Improving inclusive academic success and attainment is an important priority in national and institutional policy. Access to higher education only is not good enough. Successful programs in the IDEAS database often present a holistic approach where different angles are taken into account. There is more awareness that interventions should not only be focused on ‘changing’ students but should also focus in changing institutions. ECHO took this notion as a starting point in developing strategies to improve attainment, which in fact was more aimed at improving an inclusive and effective learning environment. In this vision two theoretical concepts are important: ‘the pedagogy of excellence’. Both concepts were inspired by existing practices of the Academic Advancement Program (AAP) of UCLA, which is one of the featured case studies identified as being successful within the IDEAS database.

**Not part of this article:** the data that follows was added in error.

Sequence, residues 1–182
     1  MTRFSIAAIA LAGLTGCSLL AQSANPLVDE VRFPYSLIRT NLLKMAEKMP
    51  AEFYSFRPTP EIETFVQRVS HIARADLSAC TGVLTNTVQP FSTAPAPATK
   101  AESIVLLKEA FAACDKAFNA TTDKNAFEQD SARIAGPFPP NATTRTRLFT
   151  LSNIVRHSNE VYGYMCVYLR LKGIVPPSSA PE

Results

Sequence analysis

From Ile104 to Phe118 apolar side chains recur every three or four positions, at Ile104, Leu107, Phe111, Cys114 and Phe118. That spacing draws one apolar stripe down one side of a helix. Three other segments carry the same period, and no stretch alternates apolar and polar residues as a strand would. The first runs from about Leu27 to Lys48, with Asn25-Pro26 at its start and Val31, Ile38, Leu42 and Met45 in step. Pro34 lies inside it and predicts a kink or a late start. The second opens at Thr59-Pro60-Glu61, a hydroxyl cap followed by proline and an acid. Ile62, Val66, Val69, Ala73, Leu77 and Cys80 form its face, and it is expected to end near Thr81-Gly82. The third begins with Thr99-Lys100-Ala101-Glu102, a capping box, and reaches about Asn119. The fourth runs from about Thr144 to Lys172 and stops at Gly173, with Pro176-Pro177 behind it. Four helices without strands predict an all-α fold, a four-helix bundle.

In this conceptual framework, four levels of intervention are taken into account to develop an institutional strategy to improve attainment by creating an effective and inclusive learning environment:
• Organization & Management
• Faculty and Support Staff